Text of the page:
Holiday work tips for your business

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Dave Ray.

Showing thanks to your clients

It’s that holiday time of year again, a time for “Thank You” cards and gifts. So, how can you show your appreciation to your clients in a way that reflects sincerity and helps them remember you in 2020.

There are 3 things to consider: budget, personalization, usefulness.

If you’re a big business, consider throwing an actual hosted holiday get-together. Pull out all the stops within your budget and allow spouses and families to attend. Make it fun and special to your industry or nationality.

Have a particularly interesting main course or guest entertainment. Make sure the kids have an especially good time.

If you’re a smaller company or one with a limited budget, you can still make a memorable impression. Send hand-written holiday cards mentioning something specific about that business’s account.

Remember that there are business owners of many faiths and nationalities in East County, so pay attention.

Alternately, send a little gift card or a small personalized gift basket. Think up something that the business owner or office manager would actually enjoy receiving. Include your business card, preferably as a refrigerator magnet or yearly calendar so that it remains visible all year.

It doesn’t really matter what you do. The point is to do something. That way, your clients will know with a tangible sign that you do, in fact, appreciate their business. So get planning on it now and have them ready to go before the rush such as the first week of December.

How business owners can stay sane over the holidays

The last few weeks of the year always create havoc with business people’s emotions. You want to spend time with family, but you also want to squeeze in those last few, big sales for the year. This can cause anxiety and maybe even some feelings of guilt. Here is one suggestion.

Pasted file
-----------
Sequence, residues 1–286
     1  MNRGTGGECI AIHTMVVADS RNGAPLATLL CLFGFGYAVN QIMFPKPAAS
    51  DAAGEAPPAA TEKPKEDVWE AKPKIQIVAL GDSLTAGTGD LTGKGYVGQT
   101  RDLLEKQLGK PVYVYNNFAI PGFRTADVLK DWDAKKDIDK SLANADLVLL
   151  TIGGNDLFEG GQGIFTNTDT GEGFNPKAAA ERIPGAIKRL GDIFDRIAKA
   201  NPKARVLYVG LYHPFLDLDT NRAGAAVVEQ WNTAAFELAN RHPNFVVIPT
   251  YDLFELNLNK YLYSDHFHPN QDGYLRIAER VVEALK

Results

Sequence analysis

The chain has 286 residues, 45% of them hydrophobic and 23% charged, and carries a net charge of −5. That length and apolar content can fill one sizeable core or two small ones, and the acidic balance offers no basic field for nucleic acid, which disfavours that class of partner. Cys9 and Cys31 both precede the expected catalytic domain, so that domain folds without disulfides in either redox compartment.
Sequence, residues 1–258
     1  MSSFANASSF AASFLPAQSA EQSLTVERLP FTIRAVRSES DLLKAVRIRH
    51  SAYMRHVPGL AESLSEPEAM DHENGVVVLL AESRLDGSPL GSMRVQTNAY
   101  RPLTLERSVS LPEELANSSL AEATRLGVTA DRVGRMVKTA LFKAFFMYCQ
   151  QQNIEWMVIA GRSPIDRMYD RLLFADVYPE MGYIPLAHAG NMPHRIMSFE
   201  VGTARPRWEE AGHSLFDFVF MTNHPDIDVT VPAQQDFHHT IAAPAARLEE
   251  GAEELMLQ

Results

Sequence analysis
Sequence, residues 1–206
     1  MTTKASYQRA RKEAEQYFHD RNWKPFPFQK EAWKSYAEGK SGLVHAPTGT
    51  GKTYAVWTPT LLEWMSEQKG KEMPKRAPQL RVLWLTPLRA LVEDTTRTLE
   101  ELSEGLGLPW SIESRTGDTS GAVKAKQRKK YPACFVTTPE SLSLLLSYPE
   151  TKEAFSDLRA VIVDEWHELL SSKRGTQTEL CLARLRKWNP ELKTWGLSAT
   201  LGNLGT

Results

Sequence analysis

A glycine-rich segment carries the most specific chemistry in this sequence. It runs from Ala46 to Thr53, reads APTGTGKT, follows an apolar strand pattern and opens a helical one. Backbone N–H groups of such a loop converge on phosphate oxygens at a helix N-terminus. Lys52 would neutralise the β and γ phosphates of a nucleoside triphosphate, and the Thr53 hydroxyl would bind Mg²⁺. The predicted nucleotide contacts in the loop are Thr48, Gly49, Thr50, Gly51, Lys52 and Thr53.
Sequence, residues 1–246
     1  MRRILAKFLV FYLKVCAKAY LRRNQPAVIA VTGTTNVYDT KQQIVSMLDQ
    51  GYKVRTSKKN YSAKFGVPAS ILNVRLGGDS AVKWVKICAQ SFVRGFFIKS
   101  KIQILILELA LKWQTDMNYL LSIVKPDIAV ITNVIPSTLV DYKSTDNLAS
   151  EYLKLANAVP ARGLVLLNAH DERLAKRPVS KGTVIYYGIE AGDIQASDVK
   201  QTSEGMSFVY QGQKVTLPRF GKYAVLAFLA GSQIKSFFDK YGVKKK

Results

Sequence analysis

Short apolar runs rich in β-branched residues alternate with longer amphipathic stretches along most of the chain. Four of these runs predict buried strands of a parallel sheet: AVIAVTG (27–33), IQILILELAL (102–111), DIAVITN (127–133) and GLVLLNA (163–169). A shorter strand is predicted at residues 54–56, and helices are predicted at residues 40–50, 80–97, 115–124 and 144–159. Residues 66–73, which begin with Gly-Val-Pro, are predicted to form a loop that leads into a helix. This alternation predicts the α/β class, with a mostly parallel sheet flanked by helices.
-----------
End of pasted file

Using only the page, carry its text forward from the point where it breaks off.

Give yourself permission to give up something this year without guilt.

If you really want to attend a few family functions, then do it knowing you have made a choice and will need to reschedule some sales and marketing activity.  By doing that, the emotional strokes of being with friends and family allow you to relax and enjoy the moment more fully.

On the other hand, if it’s really important to your bottom line to make those end-of-the-year sales, then that’s OK too.

Make the conscious decision about what time you will put in to your meetings and sales calls, and then make that time super productive. Once you’re done with the allocated time, it’s time to stop. Then, shift gears and enjoy the time you have set aside for social activities.

Maybe you could arrive a little late to one or two events and still get in that extra hour or two of work. But plan that out in advance so nobody is surprised. Then stick to the schedule, and make sure you enjoy yourself anxiety-free for the holidays.

This way you’ll start off 2020 with a fresh, hopeful attitude. Rather than squeezing in too much and not enjoying any of it, you’ll feel relaxed, refreshed, and energized for the new year and what lies ahead for your business.

Taxes! There, I said it!

If you’re lucky enough to be making a profit this year, you need to make your quarterly estimated tax payments on schedule to avoid IRS interest and fines.

For our Sole Proprietors out there who file business taxes under their own social security number, here are the important dates. Last quarter’s submission should have been sent in by Sept. 16. If not, it was late. Next payment due is on Jan. 15, 2020.

For corporations, there are other dates, so check with your accountant or CPA. Also, if you run a small side business but hold down a fulltime J-O-B, your employee taxes might cover what you owe for your business.

Definitely check with a good CPA in this case. Check out IRS Form 1040-ES for 2019 at https://www.irs.gov/pub/irs-pdf/f1040es.pdf for full info.

Don’t be late.